Feeling understood and acknowledged might help dissolve their anger and make them more open to the solutions you’re offering. When people feel heard, they tend to calm down more quickly.
- Listen actively.
According to this article, 91% of unhappy customers don’t complain; they just leave. Customer complaints can actually be a precious source of information to highlight problematic parts of your business. So listen carefully and take the opportunity to improve your services.
Imagine yourself in their position and try to see the situation from their perspective. Then, listen attentively to what your customer has to say without interrupting them. Ask questions to make sure you understood them correctly and that you’re getting their whole story. Active listening will make your customer feel heard and valued and provide you with helpful information for improvements. As a bonus, you will determine the root cause of the problem, and the customer will feel like you genuinely care about fixing their issue.
- Be proactive and offer solutions.
Ensure you cover as much ground as possible when you respond to customers who contact you with a problem. Firstly, you must apologise for what has happened, reassure them that you are on the case and offer solutions. You might be able to dissolve some of their frustrations with a first-class customer service experience.
Part of excellent customer service is being proactive and addressing issues before customers have too much time to contemplate their dissatisfaction. Anticipating what actions they might need to resolve the complaint will help de-escalate the situation before it gets out of hand. Learn more about what makes good customer service here.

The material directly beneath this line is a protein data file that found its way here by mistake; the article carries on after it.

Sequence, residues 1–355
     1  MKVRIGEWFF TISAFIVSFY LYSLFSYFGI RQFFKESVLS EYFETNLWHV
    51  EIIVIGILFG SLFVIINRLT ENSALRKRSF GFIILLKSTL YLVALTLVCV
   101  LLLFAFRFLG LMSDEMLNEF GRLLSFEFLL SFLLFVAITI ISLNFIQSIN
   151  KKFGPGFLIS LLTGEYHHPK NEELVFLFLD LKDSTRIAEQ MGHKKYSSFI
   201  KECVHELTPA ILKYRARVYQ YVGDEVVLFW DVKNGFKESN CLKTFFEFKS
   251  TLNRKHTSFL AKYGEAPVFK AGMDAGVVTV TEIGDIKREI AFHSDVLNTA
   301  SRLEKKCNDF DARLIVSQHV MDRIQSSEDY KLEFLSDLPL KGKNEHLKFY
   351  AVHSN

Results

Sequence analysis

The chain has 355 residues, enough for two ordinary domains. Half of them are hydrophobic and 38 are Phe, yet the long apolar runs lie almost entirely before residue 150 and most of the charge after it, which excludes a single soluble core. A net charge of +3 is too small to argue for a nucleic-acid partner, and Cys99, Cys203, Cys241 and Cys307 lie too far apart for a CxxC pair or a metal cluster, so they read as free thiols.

- Take responsibility for mistakes.
Acknowledging you’ve made a mistake can be tough. What if it makes you look incompetent? But the truth is that we all make mistakes. As long as you communicate errors transparently and take responsibility, your customers will appreciate your honesty.
You could make an excuse or try to deny responsibility, but that will make matters far worse. Most people will sooner or later be able to tell that you’re trying to cover something up. The only thing it will achieve is making you look dishonest. Accepting that you’ve made a mistake and owning up to it might be the only way to win back your customers’ trust. Find more tips on how to improve your customer service here.
Now that we’ve listed some of the dos and don’ts for handling the situation, how would you deal with an angry client or customer?
Save time on admin and make time for customers
Dealing with customers can take up a lot of precious time. Thousands of business owners are using the Countingup app to save time on their financial admin and focus on other parts of their business.
Countingup is the business current account and accounting software in one app. It automates time-consuming bookkeeping admin for self-employed people across the UK.
With automatic expense categorisation, receipt capture tools and cash flow insights, you can confidently keep on top of your business finances and save yourself hours of accounting admin, so you can focus on doing what you do best. Find out more here.